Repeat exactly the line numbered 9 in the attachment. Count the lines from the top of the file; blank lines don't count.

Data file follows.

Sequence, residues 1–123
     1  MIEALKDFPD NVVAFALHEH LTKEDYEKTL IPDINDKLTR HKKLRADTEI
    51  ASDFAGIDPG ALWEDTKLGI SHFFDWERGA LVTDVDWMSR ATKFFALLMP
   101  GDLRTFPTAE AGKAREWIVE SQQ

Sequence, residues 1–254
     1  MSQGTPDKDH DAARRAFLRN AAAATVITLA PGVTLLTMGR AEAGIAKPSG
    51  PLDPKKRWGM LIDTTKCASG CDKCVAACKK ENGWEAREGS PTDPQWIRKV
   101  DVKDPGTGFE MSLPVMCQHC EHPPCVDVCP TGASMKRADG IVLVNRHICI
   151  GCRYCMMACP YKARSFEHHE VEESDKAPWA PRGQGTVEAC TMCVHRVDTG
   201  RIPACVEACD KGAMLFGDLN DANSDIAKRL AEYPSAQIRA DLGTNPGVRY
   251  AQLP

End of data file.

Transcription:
   151  GCRYCMMACP YKARSFEHHE VEESDKAPWA PRGQGTVEAC TMCVHRVDTG